A frozen frame is a container like a bottom box with a clear cover to prolong your growth, strengthen plants, protect bids and many other uses.
You can build your own in just a few hours for less than $ 50 or buy the best ones from the garden or online for a few hundred dollars. Their versatility is one of the reasons they have been used for centuries – they have enough variety of uses to make your small investment worthwhile.
When using a cold frame, one or two USDA strengths are like moving the zone south. So whatever you do with your cooler frame, you want to adjust your usage to a warmer climate than you normally would. With that in mind, here are some possible options.
Cool frame with greenhouse
The main difference between a cold frame and a greenhouse is size. Both create heat, creating a greenhouse effect, keeping the sun’s heat in and out. But unlike cold frames, greenhouses can be artificially heated, not just growing plants in them all year round.
1. Soil heating
You do not need to grow anything in a cool frame. You can only use it to warm your garden soil to prepare it for the garden season. If the cold frame is mobile enough, you can move it from room to room to heat the soil below. If you have a high bed and the width is right, you can arrange the old window frame on its parts to make it. Remember that even when the ground temperature is relatively warm, once the window is removed, the ambient temperature will return to normal. Stick to cold-hardy plants until the last frost is over.
2. It starts to panic
If you have no space for problems under your growing lights, you can use it as a cool frame as a nursery. If you plan to start sowing at home, you will need to assign them to different start dates — some 6-8 weeks before the last frost, others 4-6 weeks, and so on. You can transfer some mature seedlings to a cold frame to make room for another round of seedlings.
3. Direct sowing
You can also start your seeds first in the cold frame. Some seed packs recommend sowing seeds directly into the ground, especially if they are not planted properly. In a cold frame, your average last snow day may be a month earlier in your garden. Moisten the seeds repeatedly so that the seeds or seedlings do not germinate before they have a chance to ripen.
4. Reinforcement is missing
If you start sowing seeds indoors under growing lights, first adjust your outdoor temperature and light differences by introducing them into a cool frame before planting them in the ground.
Before you bring your seedlings outdoors and into a cool frame, wait until the seedlings have grown to two or more clusters of leaves that will soon appear.
What are Cotidones?
Cotidodone is part of the embryo, and the true leaves only last a few days before they begin to grow on the plant.
The appearance of real leaves means that the plant is producing its own food instead of relying on its nutrients. It has formed roots that can extract nutrients from the soil and photosynthesis carbon dioxide from the atmosphere. It is ready to stand alone and can be hardened in a cool frame.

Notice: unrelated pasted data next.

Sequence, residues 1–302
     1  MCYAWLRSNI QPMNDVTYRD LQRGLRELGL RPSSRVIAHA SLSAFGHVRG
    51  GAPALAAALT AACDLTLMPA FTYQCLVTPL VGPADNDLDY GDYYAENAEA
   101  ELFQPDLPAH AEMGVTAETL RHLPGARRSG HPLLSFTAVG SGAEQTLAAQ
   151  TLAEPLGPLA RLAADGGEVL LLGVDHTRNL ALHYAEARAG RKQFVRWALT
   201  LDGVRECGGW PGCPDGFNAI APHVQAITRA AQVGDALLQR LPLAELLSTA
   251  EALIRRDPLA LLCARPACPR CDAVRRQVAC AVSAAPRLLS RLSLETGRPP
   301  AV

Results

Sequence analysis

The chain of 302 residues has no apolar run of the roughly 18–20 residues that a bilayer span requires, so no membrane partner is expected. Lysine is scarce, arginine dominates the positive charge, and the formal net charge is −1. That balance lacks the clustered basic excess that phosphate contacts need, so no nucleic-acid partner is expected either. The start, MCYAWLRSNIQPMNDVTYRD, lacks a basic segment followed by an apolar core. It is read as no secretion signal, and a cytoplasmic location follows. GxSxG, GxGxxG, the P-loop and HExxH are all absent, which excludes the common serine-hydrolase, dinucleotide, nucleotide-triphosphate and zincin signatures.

In the previous option, repeat the cold frame, especially on hot sunny spring days. Allow your seedlings to harden for two weeks in a cool frame before planting in your garden.
5. Ice protection
At the beginning of the season, they may have planted a potter’s wheel, hoping that the snow would fall. But if the snow is in the forecast, you can move it to a cold frame to protect your pots. Cool frames can be 5 degrees Fahrenheit or 5 degrees Fahrenheit, so this does not protect the patient when it is below 20 degrees Fahrenheit, but it can protect them at 36 degrees Fahrenheit.
6. Distribution Center
Use your cool frame at any time of the year to propagate new plants. Before you run, wash, rinse, and cover (or not cover) those with runners or breastmilk on the mint or tomato plant to get off to a good start.
7. Artificial Tropics
Give your tropical plants a home flavor. You can convince them that tomatoes and chili peppers live in the tropics by growing in a cool frame all summer. Make sure they are well watered and ventilated regularly, especially at high temperatures.
If your cool frame is down (most of them are not), you can use it to grow outdoor plants that can hold your garden. Mint is a powerful colony known for sending rhizomes in all directions. With at least 18 inches of soil in a garden, you can safely grow out of the house with mint and other aggressive colonists. Do not fill your cold soil with too much soil, as it can send runners to the top of the frame and send it to your garden.
9. Seasonal extension
The most compelling reason for a cold frame may be the possibility of eating fresh vegetables during the winter.
Start with seeds in late summer or early autumn and grow cool plants and vegetables in your cool frame. Your plants will grow until the days are short and winter is near. After the end of their growth, do not drink too much water, but keep your plants moist during the winter. Keep plants out of the wind and out of direct sunlight (to prevent premature growth). Sell the cold frame regularly. Protect plants with a layer of leaves or mulch. During the winter, your vegetables and herbs are ready to be harvested until spring.
Recommended reading: Eliot Coleman, Harvest of the Fourth Chapter. White River Junction, VT Chelsea Green Press, 1999.
10. Mini d d
You can use it as a convenient place to store your garden tools, which you always use when you are not growing anything in your cold frame.
Cold-hardy plants that work well in a cold frame
- Brazika: Cauliflower, broccoli, cabbage, Brussels sprouts
- Leafy greens: Cabbage, Spinach, Mustard, Lettuce, Chikori, Radicio, Bokchoy, Argula, Neck Green
- Root crops: Radish, beans, onions, carrots, parsnips, rutabaga
- Plants: cilantro, parsley, thyme, mint, oregano, sage, fennel, savory
- Bulbs: Red onion, garlic, cheese
Featured linkAccording to a leading gardener-7 best cold frames